Iran is a country with a complicated relationship with the United States, which includes the US assassinating their elected president; Iran imprisoning US embassy staff for 444 days; the US supporting Iraq, Iran’s enemy, in a war that lead to a half million deaths; and Iran making threatening statements about the United States and developing nuclear capability to endanger regional and global stability as the US labels Iran “Axis of Evil” and subjects them to cyber warfare and an economic stranglehold. Against this geopolitical backdrop, Iranians struggle with balancing government-mandated religious control and a desire for modernity. These struggles manifest themselves in the country’s food, music, signs and murals, and apparel. The people’s everyday interactions reflect a blend of optimism and fear.
I led delegations of international business leaders to Iran in 2013, 2014, and 2015. The difference between the conservative past president, Mahmoud Ahmadinejad, and the current reformist president, Hassan Rouhani, is palpable throughout all aspects of Iranian society. There is now an increased feeling of hope and desire for normalizing relations with the West.
For articles stemming from my travels in Iran
Outside the Ayatollah Khomeini Mausoleum in Tehran. The mosque, mausoleum, and complex span over 5,000 acres and will cost 2 billion dollars to complete. Khomeini’s image evokes fear in many Westerners while most Iranians revere him as the founder of the Revolution.
Housing the sarcophagi of Ayatollah Khomeini and Ahmad, his second son, the Mausoleum is a place of pilgrimage for Iranians showing respect to their Revolution’s founder.
Mural on wall surrounding former US Embassy (or US Den of Espionage as it is called by the Iranians). During the Iranian Revolution in 1979-1980, 52 Americans were held hostage for 444 days, part of the complex American-Iranian history.
While Americans are warmly welcomed by Iranians, tensions remain at the political/governmental level on both sides.
On learning I was American, this spice vendor in the Isfahan market exclaimed, “America, we’ve been waiting for you for 30 years!”
Billboards throughout Tehran are meant to inspire patriotism and support for the military.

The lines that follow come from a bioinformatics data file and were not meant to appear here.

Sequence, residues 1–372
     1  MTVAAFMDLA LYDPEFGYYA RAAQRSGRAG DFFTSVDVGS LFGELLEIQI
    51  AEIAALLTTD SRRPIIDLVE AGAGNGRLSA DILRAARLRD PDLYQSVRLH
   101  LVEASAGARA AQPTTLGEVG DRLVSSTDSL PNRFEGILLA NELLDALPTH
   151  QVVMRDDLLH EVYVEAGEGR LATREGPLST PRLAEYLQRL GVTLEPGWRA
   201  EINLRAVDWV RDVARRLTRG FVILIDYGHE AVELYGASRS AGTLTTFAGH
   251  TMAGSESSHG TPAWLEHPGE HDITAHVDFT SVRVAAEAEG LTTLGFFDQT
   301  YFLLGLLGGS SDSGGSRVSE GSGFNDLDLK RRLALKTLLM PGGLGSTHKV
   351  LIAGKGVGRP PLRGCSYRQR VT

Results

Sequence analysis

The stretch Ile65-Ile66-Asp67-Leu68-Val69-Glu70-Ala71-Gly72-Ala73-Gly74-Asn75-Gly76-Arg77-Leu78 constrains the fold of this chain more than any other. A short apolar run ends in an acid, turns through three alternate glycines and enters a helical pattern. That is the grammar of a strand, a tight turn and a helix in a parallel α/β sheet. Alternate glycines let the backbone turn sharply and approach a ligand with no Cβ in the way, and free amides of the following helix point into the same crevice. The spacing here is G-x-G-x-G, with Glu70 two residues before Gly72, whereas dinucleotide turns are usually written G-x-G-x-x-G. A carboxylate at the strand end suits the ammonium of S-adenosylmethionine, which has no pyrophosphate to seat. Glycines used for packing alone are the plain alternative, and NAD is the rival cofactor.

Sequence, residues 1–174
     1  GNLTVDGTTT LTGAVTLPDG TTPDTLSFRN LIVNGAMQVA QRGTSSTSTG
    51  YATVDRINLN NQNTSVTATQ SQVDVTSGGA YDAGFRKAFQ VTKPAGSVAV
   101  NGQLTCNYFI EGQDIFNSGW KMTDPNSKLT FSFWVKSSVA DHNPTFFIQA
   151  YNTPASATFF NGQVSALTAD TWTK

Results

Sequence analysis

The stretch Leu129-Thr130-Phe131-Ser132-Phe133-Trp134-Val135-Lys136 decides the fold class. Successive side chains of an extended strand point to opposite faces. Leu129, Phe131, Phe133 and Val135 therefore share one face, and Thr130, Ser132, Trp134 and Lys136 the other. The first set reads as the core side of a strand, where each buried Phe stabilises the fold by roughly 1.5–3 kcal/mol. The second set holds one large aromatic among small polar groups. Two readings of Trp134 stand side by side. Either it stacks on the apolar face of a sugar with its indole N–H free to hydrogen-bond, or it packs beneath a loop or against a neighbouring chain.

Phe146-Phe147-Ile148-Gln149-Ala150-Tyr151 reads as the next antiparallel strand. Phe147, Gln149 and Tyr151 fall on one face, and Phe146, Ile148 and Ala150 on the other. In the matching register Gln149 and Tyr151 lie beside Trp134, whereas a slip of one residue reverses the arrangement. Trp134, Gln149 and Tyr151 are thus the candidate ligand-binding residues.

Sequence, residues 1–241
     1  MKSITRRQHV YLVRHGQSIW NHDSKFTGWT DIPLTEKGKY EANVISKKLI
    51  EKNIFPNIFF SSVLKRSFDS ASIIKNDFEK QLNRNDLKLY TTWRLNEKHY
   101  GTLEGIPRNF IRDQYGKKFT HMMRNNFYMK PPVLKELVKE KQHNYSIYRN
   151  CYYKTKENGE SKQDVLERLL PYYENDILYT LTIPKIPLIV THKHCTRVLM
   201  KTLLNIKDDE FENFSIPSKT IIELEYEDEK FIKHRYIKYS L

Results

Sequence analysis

Grave of martyr who died in the Iran-Iraq war, which took 500,000 Iranian lives. Many Americans know very little about the Iran-Iraq war. From the Iranian perspective, the US gave support to its ally at the time, Saddam Hussein, to launch and carry out this devastating war.
In Tehran, written in Farsi with crossbones and covered by ominous shadows, this is not a political message but rather a “No Parking” sign.
Construction worker, Shiraz
Though many in Iran desire Western products like Coca-Cola, they are officially prohibited under UN sanctions. In order to circumvent these sanctions, Coke syrup manufactured in Ireland is shipped to Dubai and forwarded to Iran for bottling and sale.
Vendor selling assorted novelties, many imported from China, which does not fully support the international sanctions.
A Mont Blanc store opening with sophisticated, wealthy, and beautiful people. The store is technically prohibited under UN sanctions; inventory must be purchased with cash in Dubai because Iran has been cut off from the international banking community.
Fruit vendor selling locally-raised and imported produce.
Hamid had arrived six months ago as an economic refugee from Afghanistan. For decades, Iran has attracted Afghanis seeking economic opportunity.
Dried tart fruits and lavashak, Persian fruit rolls.
Street vendor in Esfahan
Two men in Shiraz
There are laws about female modesty to avoid distracting or enticing men, and yet provocative undergarments are displayed and sold in public.
Hijabs, or head scarves, are mandated for women although styles and usage vary based on the orthodoxy of the wearer.
Pomegranate juice (Aab Anaar) vendor outside a major entertainmaint complex. The role of women in Iranian society is shifting with increasing liberalization.
Many of the traders on floor of the Tehran Stock Exchange are women.
Ayatollah Seyed M-Ali Ayazi in Quom, Iran’s religious center, explained that there are three female Ayatollahs in Iran and over 20,000 women studying at Iranian seminaries.
In the short time since Hassan Rouhani became President, there has been tremendous social liberalization. This couple in Laleh Park in Tehran would not have publicly displayed affection in the past.
Young Iranians rebel against social conservatism, have increasingly open and casual relationships with the opposite sex and exhibit looser compliance with dress codes and other restrictions.
Ayatollah Ansari at Madrasa-E-Khan in Shiraz explained Ayatollah Khomeini’s fatwa (religious ruling) determining that transgender surgeries are compliant with Islam. Since then, Iran has become one of the world’s leading centers for trans-related surgeries, notwithstanding Iran’s otherwise severe positions on LGBT issues.
Musician Shahram Sharbaf gave his first legal concert in 7 years to an audience limited to 200 to ensure that the crowd could be kept under control. During the concert Shahram continually implored his fans not to clap or cheer as he wanted to be able to perform again.
Man sitting in front of posters the Supreme and other religious leaders, which are ubiquitous in Iran.
Touran is a member of the Kater David Synagogue, one of three active synagogues serving the 2000 Jewish residents of Esfahan.
Ali Ibn Hamza Shrine
Shia Muslim woman leaving on pilgrimage (Hajj) to Mecca from Ali Ibn Hamza Shrine in Shiraz. Most Iranians are Shia and traveling to Mecca in Saudi Arabia, a predominantly Sunni country, which can be dangerous due to conflicts between these two branches of Islam.
Traditional Persian flat bread (nan) baker
Peacock feather seller outside Fin Garden in Kashan.
Blacksmith shop in Esfahan
Bicyclist in Esfahan
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